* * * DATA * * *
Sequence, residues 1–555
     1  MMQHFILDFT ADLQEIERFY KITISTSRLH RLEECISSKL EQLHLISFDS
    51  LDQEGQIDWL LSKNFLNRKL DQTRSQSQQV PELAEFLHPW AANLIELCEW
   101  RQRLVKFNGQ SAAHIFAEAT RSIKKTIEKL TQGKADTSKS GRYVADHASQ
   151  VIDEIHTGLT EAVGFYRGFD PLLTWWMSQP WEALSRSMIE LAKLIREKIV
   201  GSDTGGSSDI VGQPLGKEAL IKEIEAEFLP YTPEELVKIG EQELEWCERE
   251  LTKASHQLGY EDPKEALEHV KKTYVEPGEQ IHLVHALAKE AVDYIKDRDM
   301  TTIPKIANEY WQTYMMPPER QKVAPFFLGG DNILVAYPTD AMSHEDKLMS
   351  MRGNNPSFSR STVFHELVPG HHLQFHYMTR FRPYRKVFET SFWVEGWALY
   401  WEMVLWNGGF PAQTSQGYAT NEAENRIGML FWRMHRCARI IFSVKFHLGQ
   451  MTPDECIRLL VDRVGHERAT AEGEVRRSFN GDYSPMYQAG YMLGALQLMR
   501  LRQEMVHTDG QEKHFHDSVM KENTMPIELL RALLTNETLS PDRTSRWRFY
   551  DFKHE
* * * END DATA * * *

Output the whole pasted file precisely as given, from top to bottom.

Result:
Sequence, residues 1–555
     1  MMQHFILDFT ADLQEIERFY KITISTSRLH RLEECISSKL EQLHLISFDS
    51  LDQEGQIDWL LSKNFLNRKL DQTRSQSQQV PELAEFLHPW AANLIELCEW
   101  RQRLVKFNGQ SAAHIFAEAT RSIKKTIEKL TQGKADTSKS GRYVADHASQ
   151  VIDEIHTGLT EAVGFYRGFD PLLTWWMSQP WEALSRSMIE LAKLIREKIV
   201  GSDTGGSSDI VGQPLGKEAL IKEIEAEFLP YTPEELVKIG EQELEWCERE
   251  LTKASHQLGY EDPKEALEHV KKTYVEPGEQ IHLVHALAKE AVDYIKDRDM
   301  TTIPKIANEY WQTYMMPPER QKVAPFFLGG DNILVAYPTD AMSHEDKLMS
   351  MRGNNPSFSR STVFHELVPG HHLQFHYMTR FRPYRKVFET SFWVEGWALY
   401  WEMVLWNGGF PAQTSQGYAT NEAENRIGML FWRMHRCARI IFSVKFHLGQ
   451  MTPDECIRLL VDRVGHERAT AEGEVRRSFN GDYSPMYQAG YMLGALQLMR
   501  LRQEMVHTDG QEKHFHDSVM KENTMPIELL RALLTNETLS PDRTSRWRFY
   551  DFKHE